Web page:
2014 Sonero Riesling: $14. 105 cases produced. The juice comes from the last 25-30% of the pressing of the Kemmeter label wines (the end of the pressing is also naturally less in acidity). Clean, bright nose with great fruit and still some linear acidity leading to an elegance that you rarely see in a sub-$15 wine. A surprisingly long finish. Outstanding. 90-92 Points.
The second label, Kemmeter (his paternal grandmother’s maiden name), perhaps best represents Johannes’ passion. He currently makes three wines under the label and the first is rather straightforward: it comes from the White Pine Vineyard in Wayne County.
2014 Kemmeter Wines White Pine Riesling: $24. Shortly after pouring, Johannes asks: “By the way guys how do you like my Sauvignon Blanc?” Once he said it I saw it immediately. A bit grassy on the nose with a sharp acidity. Johannes said that the wine starts out like a Sauvignon Blanc but changes over to Riesling after a couple of years in the bottle. On the palate the Riesling characteristics come through but so does some Sauvignon Blanc. A fascinating wine. Outstanding. 89-91 Points.
The tasting got considerably geekier (and that is a very good thing) with the next two wines. Both came from the Sheldrake Point Vineyard and were vinified precisely the same. The only distinguishing factor between the two was the amount of residual sugar that was left at the end of the spontaneous fermentation. In fact, the only way to tell the difference between the two bottles is the International Riesling Foundation sugar meter on the back label. (Confused? I certainly was. Apparently, so was Johannes–I meant to purchase three bottles of the second wine, but went home with two of the first and only one of the second.)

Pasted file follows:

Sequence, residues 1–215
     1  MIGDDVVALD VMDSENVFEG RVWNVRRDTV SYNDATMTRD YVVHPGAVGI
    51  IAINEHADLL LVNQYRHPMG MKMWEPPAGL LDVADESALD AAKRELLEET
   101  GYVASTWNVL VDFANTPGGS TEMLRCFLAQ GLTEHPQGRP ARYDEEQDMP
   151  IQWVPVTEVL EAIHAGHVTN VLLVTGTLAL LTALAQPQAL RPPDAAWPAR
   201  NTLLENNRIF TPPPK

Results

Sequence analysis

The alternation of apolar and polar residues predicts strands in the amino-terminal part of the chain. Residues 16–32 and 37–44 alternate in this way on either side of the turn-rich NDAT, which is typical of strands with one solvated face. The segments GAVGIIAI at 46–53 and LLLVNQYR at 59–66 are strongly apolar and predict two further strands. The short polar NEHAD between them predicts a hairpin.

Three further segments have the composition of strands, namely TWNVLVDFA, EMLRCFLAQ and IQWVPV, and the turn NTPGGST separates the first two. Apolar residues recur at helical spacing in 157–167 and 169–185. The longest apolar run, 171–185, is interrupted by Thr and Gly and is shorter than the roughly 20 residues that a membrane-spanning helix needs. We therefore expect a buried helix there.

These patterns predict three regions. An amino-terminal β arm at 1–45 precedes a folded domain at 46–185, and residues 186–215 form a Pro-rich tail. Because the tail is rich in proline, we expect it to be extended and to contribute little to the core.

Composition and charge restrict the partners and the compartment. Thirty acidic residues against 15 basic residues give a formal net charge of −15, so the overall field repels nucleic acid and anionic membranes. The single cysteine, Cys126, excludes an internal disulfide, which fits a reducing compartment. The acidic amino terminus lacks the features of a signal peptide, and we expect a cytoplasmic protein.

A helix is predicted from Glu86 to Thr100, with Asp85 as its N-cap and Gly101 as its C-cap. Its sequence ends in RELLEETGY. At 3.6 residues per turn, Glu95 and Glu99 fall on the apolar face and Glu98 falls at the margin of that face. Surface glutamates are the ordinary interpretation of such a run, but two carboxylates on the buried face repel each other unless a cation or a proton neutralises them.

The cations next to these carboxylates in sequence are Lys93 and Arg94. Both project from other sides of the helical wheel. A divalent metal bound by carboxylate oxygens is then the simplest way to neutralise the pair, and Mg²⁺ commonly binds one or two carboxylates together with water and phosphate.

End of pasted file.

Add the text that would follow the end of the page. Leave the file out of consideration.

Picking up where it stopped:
2014 Kemmeter Wines Sheldrake Point 19: $24. In order to do a single vineyard wine, he wants at least 8-10 years experience to see how the vineyard does in difficult years. Another clean, beautiful nose. Lemon curd and a bit of smoke. A tiny hint of petrol at the back to which Johannes added: “I like petrol as long as it’s a team member and not a team leader.” Initially a bit shy and then it strolls in with a jolt of fruit and then the acidity. Whoa. The finish lasts for minutes. Maybe longer. Outstanding. 92-94 Points.
2014 Kemmeter Wines Sheldrake Point 31: $24. This is the sweeter of the two. Both wines come from the same plot but separated into two fermenters. The first spontaneously fermented to drier. Brighter fruit it seems and a tad heavier, the fruit expression here is off the charts. This is not one of the best American Rieslings I have had, this is one of the best Rieslings I have had. Period. Double whoa. Outstanding Plus. 93-95 Points.
The last label is a dessert wine, and assumes his wife’s maiden name, Sansan.
2013 Sansan (named after his wife): $40. 375ml. 100% botrytis. Johannes said it is the equivalent of an auslese with single berry selection. Honeyed lemon zest and pineapple. Clean and wonderful. Rich but not opulent, sweet but far from cloying. Finish? I hope this stays with me for days and it just might. Outstanding Plus. 94-96 Points.
It has been several years since I have seen Mr. Beaman; I am not even sure if he is still alive. But after spending an afternoon with Johannes I realized that it is good to be around people who are passionate about what they do. Who knows? Perhaps it could inspire me to approach my own job with renewed enthusiasm, or more likely, it will inspire me to make the four-hour drive north to pick up some more Riesling.